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2023 (9) TMI 825 - CESTAT MUMBAI
Valuation of goods for the purpose of assessment of Customs Duty - inclusion of ‘royalty’ and ‘lumpsum fees’ in the assessable value of imports effected from a related person - calculation of invoice value - HELD THAT:- It is noticed that the order of acceptance of ‘invoice value’ as reliable enough guide to the ‘proper officer’ for assessing future imports under section 17 of the Customs Act, 1962 was disputed by reviewing authority. By setting aside that order, the first appellate authority has effectively exercised power of assessment and has confined the ‘proper officer’ to such assessment on goods that were yet to be imported. On a query, Learned Counsel admitted that the proceedings which culminated in the impugned order had been initiated without a show cause notice; apparently, the prevailing practice is for all transactions between related persons to be subjected to such scrutiny, evaluation and direction to assessing authority. Thus, it is the appeal before the lower authority that took on the appearances of show cause notice.
The internal procedures for providing expert consultation to the statutorily empowered assessing officers, even if of long standing existence, do not vest the institution, established by executive fiat for such purpose, with the same statutory empowerment; notwithstanding, the arrogation of direction, one way or the other, by the Deputy Commissioner, Special Valuation Branch (SVB), its recommendatory character cannot be elevated to that of an order in the absence of statutory support - Customs Act, 1962 is concerned with levy of duty, as well as the enforcement of prohibitions, under law, on import/export goods. Other consequences such as differential duty, refund, drawback, fines and penalties may arise but only in consequence. The possible detriment that may arise on a future date is not a grievance that should be entertained unless and until it does translate as one upon occurrence of import or export of goods.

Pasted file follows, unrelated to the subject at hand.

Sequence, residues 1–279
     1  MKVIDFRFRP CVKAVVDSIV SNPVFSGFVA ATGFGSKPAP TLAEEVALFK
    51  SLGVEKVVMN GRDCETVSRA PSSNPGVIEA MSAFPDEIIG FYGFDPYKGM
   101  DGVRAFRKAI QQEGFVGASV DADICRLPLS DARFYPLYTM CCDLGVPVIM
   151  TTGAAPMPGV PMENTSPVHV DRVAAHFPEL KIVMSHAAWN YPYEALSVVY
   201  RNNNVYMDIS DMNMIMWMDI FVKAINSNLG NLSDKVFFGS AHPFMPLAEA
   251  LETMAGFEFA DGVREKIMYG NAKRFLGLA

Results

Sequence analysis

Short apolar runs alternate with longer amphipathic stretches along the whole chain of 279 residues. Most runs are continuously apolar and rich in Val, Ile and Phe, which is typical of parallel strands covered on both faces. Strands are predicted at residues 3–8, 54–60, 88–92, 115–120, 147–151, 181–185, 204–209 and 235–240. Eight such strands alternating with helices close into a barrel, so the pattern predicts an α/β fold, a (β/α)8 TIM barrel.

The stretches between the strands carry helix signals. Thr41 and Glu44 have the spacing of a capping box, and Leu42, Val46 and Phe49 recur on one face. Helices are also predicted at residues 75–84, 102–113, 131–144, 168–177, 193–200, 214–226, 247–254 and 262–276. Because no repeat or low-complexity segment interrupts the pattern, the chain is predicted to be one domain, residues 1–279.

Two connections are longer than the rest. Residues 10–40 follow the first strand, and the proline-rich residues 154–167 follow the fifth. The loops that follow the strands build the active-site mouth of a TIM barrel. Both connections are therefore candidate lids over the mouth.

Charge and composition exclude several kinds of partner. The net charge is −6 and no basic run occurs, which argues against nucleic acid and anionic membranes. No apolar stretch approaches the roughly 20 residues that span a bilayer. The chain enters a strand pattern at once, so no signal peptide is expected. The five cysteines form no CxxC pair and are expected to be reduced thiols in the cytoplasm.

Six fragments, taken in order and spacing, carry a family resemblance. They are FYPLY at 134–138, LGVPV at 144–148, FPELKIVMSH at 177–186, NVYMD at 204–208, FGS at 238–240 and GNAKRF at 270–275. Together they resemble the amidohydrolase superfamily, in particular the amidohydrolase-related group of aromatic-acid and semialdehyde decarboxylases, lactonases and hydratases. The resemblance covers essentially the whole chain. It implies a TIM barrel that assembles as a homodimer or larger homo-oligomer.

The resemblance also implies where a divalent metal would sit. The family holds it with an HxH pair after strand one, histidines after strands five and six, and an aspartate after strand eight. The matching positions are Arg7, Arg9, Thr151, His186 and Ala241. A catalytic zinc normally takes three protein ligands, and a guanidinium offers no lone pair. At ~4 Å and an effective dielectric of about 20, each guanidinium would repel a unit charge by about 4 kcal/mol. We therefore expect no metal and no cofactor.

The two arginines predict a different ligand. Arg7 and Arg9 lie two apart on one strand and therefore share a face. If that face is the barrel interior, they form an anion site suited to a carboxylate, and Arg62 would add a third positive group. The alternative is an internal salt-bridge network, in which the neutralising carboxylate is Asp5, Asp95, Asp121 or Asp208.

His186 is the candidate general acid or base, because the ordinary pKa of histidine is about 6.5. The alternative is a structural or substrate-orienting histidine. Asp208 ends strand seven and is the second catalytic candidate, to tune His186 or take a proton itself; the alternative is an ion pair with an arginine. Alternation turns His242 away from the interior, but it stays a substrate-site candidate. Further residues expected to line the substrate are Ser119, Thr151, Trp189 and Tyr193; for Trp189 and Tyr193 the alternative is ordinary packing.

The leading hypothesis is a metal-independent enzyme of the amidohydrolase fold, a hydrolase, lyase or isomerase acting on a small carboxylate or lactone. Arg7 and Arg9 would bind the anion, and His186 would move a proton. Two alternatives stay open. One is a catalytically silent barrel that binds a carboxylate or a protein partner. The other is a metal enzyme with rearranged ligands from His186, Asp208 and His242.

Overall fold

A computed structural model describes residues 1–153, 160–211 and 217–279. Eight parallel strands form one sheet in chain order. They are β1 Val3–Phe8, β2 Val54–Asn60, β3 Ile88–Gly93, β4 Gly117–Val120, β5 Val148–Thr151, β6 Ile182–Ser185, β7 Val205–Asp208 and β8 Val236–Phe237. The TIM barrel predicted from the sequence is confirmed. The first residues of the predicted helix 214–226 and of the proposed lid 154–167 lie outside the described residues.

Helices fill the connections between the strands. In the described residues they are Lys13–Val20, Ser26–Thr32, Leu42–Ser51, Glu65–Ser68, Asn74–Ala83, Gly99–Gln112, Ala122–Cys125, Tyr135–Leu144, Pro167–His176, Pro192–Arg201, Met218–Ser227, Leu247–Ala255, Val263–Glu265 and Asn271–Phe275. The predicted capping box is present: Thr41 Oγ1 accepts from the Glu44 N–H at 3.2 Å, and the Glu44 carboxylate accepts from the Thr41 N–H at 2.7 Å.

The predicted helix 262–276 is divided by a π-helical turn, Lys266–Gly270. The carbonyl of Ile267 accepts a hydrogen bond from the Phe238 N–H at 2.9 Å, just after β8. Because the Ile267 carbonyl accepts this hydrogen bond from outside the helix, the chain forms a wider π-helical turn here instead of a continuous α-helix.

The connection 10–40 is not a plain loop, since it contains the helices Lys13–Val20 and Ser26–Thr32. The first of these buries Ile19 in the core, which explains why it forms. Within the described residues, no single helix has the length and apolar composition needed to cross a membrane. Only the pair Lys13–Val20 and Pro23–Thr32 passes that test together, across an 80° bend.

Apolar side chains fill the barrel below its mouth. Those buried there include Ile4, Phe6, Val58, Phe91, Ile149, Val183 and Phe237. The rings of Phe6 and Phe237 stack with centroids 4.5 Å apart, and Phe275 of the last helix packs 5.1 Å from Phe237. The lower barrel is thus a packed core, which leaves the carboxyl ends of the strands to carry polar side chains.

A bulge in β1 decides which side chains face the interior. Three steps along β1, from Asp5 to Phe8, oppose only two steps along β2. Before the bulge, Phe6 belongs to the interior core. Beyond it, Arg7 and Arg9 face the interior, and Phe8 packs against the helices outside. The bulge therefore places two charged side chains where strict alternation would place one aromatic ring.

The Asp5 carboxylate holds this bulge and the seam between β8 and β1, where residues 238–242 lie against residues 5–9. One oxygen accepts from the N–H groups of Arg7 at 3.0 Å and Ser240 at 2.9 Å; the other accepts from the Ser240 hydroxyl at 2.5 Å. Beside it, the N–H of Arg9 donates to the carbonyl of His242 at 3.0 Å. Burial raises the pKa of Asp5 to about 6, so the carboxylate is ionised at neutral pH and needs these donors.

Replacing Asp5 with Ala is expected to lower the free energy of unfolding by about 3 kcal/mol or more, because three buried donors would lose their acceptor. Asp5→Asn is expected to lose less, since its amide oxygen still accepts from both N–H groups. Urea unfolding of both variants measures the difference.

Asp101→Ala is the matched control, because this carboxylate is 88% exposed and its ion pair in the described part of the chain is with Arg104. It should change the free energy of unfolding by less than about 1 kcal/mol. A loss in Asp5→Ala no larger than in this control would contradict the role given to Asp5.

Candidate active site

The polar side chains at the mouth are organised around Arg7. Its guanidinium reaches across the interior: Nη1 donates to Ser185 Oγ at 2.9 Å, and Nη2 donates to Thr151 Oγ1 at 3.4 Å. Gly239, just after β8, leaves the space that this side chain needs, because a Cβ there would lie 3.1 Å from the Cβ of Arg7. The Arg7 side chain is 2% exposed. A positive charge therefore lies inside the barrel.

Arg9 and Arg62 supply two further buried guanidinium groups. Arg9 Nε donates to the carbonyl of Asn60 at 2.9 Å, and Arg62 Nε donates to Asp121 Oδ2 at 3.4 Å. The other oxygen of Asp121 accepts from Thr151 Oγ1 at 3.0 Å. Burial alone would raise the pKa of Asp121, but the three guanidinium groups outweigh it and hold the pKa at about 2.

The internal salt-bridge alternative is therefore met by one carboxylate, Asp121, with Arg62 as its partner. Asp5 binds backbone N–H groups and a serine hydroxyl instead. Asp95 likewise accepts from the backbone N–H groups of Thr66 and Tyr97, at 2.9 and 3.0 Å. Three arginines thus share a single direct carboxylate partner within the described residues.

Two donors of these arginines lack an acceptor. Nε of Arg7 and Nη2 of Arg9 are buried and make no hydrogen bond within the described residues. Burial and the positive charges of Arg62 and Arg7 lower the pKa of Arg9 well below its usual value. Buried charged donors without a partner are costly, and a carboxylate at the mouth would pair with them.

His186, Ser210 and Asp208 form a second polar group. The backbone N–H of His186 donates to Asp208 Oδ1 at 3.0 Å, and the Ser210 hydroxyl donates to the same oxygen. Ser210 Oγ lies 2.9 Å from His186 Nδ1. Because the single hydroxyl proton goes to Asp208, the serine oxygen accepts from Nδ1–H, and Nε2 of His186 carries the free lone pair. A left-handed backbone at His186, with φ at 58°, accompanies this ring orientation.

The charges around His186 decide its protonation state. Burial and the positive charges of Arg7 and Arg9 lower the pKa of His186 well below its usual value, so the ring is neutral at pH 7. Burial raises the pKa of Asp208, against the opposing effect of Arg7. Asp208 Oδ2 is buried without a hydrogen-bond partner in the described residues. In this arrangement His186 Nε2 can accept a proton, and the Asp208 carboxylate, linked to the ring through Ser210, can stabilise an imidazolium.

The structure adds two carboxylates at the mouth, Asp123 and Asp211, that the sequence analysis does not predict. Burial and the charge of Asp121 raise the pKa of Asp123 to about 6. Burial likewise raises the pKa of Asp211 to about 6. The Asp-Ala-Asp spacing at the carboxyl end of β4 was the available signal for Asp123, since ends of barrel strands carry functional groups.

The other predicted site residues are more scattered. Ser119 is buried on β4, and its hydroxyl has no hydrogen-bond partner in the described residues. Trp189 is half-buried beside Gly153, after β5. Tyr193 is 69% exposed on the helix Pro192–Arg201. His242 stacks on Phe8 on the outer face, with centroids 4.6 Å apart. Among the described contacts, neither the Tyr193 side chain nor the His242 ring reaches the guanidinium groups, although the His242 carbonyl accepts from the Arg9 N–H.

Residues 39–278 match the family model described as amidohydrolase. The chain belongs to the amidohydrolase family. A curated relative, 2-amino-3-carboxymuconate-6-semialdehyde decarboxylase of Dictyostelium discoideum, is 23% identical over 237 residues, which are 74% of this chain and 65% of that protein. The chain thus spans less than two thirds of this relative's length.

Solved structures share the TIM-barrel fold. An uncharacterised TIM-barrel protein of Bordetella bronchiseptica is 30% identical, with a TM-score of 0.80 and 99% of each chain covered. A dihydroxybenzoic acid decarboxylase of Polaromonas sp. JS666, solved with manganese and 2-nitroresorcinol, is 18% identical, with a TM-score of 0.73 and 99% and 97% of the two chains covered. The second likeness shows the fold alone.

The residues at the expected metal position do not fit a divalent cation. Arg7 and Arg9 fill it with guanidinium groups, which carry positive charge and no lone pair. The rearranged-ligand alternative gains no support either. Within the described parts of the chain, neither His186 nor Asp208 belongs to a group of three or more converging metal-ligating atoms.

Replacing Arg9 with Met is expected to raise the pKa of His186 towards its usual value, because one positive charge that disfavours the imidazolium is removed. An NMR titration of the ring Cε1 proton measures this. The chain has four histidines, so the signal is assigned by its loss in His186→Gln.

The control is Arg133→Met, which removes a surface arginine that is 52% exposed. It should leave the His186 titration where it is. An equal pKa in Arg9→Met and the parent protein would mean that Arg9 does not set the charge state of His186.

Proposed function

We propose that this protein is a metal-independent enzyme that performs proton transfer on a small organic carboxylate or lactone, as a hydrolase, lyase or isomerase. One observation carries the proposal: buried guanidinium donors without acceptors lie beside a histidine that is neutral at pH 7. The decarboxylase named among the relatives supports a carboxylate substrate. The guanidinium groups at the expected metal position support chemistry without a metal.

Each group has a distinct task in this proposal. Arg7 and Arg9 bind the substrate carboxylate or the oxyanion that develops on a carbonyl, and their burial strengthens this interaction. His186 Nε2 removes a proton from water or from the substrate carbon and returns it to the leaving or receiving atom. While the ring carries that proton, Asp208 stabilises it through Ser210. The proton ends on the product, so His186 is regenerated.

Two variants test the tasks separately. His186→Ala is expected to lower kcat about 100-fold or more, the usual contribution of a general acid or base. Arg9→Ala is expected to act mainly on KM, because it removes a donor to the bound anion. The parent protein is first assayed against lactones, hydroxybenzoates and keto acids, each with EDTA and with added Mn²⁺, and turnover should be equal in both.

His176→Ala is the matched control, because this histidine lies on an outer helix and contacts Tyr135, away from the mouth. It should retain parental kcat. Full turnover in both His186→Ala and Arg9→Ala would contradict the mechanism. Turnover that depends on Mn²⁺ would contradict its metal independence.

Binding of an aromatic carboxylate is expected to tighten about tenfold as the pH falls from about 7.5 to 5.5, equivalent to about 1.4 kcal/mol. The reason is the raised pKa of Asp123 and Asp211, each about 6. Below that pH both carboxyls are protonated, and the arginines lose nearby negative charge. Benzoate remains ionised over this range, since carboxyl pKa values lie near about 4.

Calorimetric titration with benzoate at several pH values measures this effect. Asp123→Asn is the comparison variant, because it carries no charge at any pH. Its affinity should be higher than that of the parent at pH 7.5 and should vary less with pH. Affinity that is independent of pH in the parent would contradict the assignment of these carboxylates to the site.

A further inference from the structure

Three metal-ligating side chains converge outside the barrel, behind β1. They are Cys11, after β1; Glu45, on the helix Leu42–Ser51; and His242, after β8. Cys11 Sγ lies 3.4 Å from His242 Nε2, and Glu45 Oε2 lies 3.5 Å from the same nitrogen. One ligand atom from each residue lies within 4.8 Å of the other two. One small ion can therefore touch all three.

The proceedings under section 18 of Customs Act, 1962 not interfered except if terms of such assessment is a cause of grievance. Even so, no incidence of provisional assessment is impugned.
Chapter XV of Customs Act, 1962 contains the design and hierarchy of appeals and that entrusted with Commissioner of Customs (Appeals) is one of the sources of appellate jurisdiction of the Tribunal. The same hesitancy that informs our jurisdictional dilemma attaches also to the first appellate authority - The first appellate authority should have dealt with the appeal, at the behest of jurisdictional Commissioner of Customs, within such circumscribing and passed such order as is legal and proper for disposal of appeal. Notwithstanding the lack of appellate recourse, that the jurisdictional Commissioner of Customs opted for review does not fall within empowerment, or that of Commissioner of Customs (Appeals), to prevent; but it is certainly within empowerment to render appropriate disposal in terms of our exposition on the true nature of Special Valuation Branch (SVB).
The appeal preferred is restored at the instance of the jurisdictional Commissioner of Customs before the first appellate authority for a fresh disposal - appeal allowed by way of remand.